Euphorbia, an ancient name, in honor of Euphorbus, King Juba's physician.

Perennial. Naturalized from Europe and escaped from gardens and old graveyards; grows in patches. Throughout northeastern United States and west to Kansas. Common in northern Ohio. April, May.


Horizontal, creeping.


Clustered in large patches, five to twelve inches high, somewhat branching, topped by many-rayed umbels of greenish-yellow flowers, very leafy, milky.


Many and crowded, pale green, linear; margins strengthened; half to three-fourths of an inch long, irregularly alternate upon the stem.

Flower Cluster

Umbel, greenish yellow, flat-dome-shaped.


Insignificant; the involucre of two bracts more conspicuous than the group of pistillate and stam-inate florets within.


Capsule, globose; seeds oblong. Pollinated by bees and butterflies.

The Cypress-Spurge usually marks the site of an old garden or has crossed the enclosure of a country churchyard. It is easily recognized as a patch of yellowish green, consisting of many upright stems, very leafy, with short narrow leaves, and in May topped by small, roundish clusters of greenish-yellow blossoms.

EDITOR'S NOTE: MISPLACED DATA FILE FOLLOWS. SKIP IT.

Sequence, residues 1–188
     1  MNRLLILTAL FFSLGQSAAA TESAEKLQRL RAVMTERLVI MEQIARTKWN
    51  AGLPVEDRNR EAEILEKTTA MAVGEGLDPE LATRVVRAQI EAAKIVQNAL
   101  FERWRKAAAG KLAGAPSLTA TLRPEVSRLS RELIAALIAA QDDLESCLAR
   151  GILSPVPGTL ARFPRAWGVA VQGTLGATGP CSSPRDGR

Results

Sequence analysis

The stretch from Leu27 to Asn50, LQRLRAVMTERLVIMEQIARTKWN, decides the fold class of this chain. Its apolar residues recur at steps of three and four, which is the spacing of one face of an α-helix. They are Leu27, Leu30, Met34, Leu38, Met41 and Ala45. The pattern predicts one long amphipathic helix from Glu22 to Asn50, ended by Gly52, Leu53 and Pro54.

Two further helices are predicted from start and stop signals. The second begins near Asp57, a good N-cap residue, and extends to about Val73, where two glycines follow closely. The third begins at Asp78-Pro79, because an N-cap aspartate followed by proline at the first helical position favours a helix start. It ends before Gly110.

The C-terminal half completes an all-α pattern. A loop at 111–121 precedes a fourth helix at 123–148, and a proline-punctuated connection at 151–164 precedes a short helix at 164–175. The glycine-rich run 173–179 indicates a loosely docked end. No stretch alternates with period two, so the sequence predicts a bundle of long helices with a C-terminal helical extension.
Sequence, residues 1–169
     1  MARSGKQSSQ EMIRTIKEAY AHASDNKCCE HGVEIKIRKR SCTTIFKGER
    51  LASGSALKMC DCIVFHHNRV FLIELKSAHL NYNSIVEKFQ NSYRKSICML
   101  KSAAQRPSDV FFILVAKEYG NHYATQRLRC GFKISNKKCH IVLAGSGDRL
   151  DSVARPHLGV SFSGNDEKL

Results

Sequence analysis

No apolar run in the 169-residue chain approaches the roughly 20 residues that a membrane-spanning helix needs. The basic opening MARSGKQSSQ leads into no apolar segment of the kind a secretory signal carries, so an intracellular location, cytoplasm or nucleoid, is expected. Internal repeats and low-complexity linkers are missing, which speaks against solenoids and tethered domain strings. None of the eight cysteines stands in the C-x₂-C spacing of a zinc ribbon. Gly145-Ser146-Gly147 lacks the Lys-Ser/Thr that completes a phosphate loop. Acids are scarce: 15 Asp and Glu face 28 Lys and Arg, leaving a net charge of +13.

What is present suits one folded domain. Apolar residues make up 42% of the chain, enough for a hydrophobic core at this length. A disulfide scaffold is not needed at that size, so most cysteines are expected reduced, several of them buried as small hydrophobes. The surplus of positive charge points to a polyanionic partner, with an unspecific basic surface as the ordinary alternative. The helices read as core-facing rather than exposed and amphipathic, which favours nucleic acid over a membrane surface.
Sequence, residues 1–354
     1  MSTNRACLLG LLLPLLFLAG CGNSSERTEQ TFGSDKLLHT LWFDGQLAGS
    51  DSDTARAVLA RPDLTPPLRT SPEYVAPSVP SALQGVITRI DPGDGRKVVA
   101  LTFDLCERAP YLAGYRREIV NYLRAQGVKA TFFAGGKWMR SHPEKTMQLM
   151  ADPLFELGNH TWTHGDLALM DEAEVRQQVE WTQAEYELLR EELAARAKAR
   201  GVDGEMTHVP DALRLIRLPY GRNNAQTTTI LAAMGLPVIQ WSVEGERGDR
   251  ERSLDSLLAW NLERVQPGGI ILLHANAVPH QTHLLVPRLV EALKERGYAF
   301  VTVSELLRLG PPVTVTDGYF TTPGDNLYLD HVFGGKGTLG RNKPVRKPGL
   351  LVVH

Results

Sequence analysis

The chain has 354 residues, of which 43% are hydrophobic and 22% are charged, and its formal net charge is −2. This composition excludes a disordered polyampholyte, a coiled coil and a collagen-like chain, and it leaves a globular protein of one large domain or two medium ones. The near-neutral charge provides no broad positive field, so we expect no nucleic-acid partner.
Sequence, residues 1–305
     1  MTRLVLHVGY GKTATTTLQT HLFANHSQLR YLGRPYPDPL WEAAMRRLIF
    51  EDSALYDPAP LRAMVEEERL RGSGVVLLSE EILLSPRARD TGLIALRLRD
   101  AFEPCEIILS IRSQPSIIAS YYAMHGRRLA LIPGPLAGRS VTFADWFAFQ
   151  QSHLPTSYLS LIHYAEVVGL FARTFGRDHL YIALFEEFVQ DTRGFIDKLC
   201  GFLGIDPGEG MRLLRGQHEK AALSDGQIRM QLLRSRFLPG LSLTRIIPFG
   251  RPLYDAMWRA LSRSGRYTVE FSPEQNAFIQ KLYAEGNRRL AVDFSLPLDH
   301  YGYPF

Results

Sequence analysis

Cypress Spurge. Euphorbia cyparissias

Cypress-Spurge. Euphorbia cyparissias

The structure of these blossoms, like all the Euphorbias, is difficult to explain and quite as difficult to understand, but the cluster itself is ornamental, and that is not difficult to understand. The plant is equipped to be a weed, but does not seem to have gone very far in that direction.